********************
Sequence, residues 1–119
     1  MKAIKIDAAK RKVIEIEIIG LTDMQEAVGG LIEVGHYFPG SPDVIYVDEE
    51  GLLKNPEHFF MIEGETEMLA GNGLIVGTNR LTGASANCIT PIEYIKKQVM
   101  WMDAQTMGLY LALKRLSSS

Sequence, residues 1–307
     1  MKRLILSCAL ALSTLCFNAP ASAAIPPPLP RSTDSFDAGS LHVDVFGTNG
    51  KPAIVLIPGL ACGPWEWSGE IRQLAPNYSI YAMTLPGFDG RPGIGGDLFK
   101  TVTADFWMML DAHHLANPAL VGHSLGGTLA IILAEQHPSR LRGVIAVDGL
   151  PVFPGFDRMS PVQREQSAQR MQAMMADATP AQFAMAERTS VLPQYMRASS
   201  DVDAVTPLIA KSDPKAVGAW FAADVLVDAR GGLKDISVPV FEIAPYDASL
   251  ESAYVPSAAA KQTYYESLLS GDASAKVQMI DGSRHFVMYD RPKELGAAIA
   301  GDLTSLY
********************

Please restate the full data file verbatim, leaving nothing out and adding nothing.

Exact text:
Sequence, residues 1–119
     1  MKAIKIDAAK RKVIEIEIIG LTDMQEAVGG LIEVGHYFPG SPDVIYVDEE
    51  GLLKNPEHFF MIEGETEMLA GNGLIVGTNR LTGASANCIT PIEYIKKQVM
   101  WMDAQTMGLY LALKRLSSS

Sequence, residues 1–307
     1  MKRLILSCAL ALSTLCFNAP ASAAIPPPLP RSTDSFDAGS LHVDVFGTNG
    51  KPAIVLIPGL ACGPWEWSGE IRQLAPNYSI YAMTLPGFDG RPGIGGDLFK
   101  TVTADFWMML DAHHLANPAL VGHSLGGTLA IILAEQHPSR LRGVIAVDGL
   151  PVFPGFDRMS PVQREQSAQR MQAMMADATP AQFAMAERTS VLPQYMRASS
   201  DVDAVTPLIA KSDPKAVGAW FAADVLVDAR GGLKDISVPV FEIAPYDASL
   251  ESAYVPSAAA KQTYYESLLS GDASAKVQMI DGSRHFVMYD RPKELGAAIA
   301  GDLTSLY